You will recall that when we left our Survivors, Tom had just been informed of his apparently lopsided victory, part of the CBS Reality Division's Season of Honor. (Motto: "It's Not A Game If You Lose.") But as we always must, we now return to observe the aftermath of this over-cast season, in which Tom got the money, Ian got the shaft, and the dish ran away with the spoon. Which was appropriate, since there was a certain amount of diddling.
Cheering brings us back to the live reunion special that I have come to dread so thoroughly, if only because it often makes people who are hot look like L.A. gym monkeys who just got here from an audition for a movie destined to play only on Cinemax After Dark. The upside, I suppose, is that Jeff Probst doesn't have a secret girlfriend among these contestants (one would hope), so perhaps things will be a little more balanced than last time. Jeff, whose hair looks kind of dweeby tonight, welcomes us to the first reunion of the twenty people who started this season. Yeah, remember? There were twenty damn people. They practically had to bring them to the island in a clown car. After this brief introduction, Jeff moves immediately to the most important person in the cast -- Wanda. No, not really. He starts with Tom, of course. Tom, incidentally, is back to that hot-soap-opera actor -- or, as Wing Chun would say, "silver fox" -- look, having shaved and combed and eaten since returning from camp. Jeff offers him congratulations, which Tom accepts with a smile. Jeff and Tom share some hoot-hoot-hoot for how awesome New York is (agreed), and then Jeff pronounces Tom's victory "well-deserved" (also agreed). Jeff reminds those who didn't watch the show itself and just thought they'd tune in for the most boring part of the entire season that Koror dominated, winning eleven of fourteen challenges -- with all the losses being rewards -- and how Tom personally dominated as well, winning five of seven immunities. Both of those are records, in case you didn't know. Never have so many been so worthless to the benefit of someone like Caryn. The bottom line is that if you like challenge winners, you've got to like Tom.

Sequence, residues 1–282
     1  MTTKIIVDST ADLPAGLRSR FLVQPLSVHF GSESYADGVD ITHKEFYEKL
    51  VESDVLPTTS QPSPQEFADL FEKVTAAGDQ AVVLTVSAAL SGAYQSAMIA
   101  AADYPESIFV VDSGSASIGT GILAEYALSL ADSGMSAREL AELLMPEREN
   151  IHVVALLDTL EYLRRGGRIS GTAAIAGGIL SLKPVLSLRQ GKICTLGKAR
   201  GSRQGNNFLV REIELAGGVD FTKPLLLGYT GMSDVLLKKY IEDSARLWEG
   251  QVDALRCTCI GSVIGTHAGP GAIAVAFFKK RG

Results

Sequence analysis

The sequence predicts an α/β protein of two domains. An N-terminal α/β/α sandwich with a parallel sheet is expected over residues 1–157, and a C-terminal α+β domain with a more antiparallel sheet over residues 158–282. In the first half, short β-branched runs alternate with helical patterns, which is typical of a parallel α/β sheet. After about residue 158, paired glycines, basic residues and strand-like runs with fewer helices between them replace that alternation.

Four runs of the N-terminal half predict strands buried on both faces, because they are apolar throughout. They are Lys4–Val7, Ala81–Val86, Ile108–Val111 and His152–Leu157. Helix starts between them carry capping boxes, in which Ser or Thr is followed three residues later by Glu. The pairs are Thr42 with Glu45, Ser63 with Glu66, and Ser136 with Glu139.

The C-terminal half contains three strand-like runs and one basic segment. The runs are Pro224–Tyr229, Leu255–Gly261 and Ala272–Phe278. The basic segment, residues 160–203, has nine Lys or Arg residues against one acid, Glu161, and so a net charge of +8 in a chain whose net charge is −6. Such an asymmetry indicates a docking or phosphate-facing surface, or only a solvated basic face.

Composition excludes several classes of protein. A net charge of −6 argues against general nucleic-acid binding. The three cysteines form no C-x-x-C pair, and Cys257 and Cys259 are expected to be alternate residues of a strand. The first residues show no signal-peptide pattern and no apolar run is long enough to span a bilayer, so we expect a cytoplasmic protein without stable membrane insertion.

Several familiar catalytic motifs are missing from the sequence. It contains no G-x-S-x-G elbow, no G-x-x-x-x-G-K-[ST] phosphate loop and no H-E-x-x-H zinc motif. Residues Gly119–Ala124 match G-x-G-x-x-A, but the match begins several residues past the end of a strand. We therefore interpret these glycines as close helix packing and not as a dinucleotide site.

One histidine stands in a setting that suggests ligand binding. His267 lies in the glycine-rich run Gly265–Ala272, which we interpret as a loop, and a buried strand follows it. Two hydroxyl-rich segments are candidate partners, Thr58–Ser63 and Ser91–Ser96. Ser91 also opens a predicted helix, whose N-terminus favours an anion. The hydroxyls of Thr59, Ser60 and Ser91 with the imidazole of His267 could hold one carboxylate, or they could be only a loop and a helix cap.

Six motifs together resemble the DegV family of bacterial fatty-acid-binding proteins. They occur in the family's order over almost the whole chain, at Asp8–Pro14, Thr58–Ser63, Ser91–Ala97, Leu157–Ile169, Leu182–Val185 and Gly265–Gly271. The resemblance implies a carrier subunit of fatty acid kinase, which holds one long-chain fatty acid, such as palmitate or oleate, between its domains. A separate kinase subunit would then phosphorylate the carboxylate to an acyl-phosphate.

Jeff asks Tom what his strategy was going into the game. Tom says that his wife and a good friend are the ones to whom he owes the victory, because he was working on a complex plot at home prior to coming on the show, and they told him that he should just be himself. Obviously, they are not watchers of the show, since Tom is a total anomaly, in that being like Tom has never worked for anyone, ever, under any circumstances, in the past. We see Tom's wife Bernadette, incidentally, who is lovely and accessorized with a little boy on her lap. Tom says that his plan to "hide underneath [his] gray hair" went awry early. He claims that he actually "played a lousy strategy game" by not hiding himself very well. As Tom chatters on, Jeff cuts him off, pointing out that this kind of meaningless and allegedly self-deprecating blather is the actual reason why Tom won. Which is awesomely deflating, but really, Tom is right. He didn't play a brilliant strategic game, necessarily, because he didn't have to. Tom was exposed to three jury votes prior to F2. Three. One when they still had Willard to kick around and it barely counted, one when Steph was booted, and one when Gregg was booted. He didn't have to stay clear of very much voting using strategy, because he played a huge part in winning so damn many challenges. And the one week he was in the most trouble -- the week Gregg left -- not only was he not the one to figure out the move he needed to make (Ian was, not that Tom seems all that grateful these days), but he wasn't headed out that week anyway. Tom could have totally missed that one strategic move of going after Gregg, and provided that the immunities went the same way, the tribe would have booted Caryn and again missed its last chance at Tom. Steph got it exactly right when she told that entire tribe that the best chance to get rid of Tom was the week she went home. Because the week Gregg went home, Ian and Caryn had too much on the line themselves to do anything but vote defensively to block Gregg. That was the one shot, just the way Steph said it was. They didn't take it, and this is their result. Fools!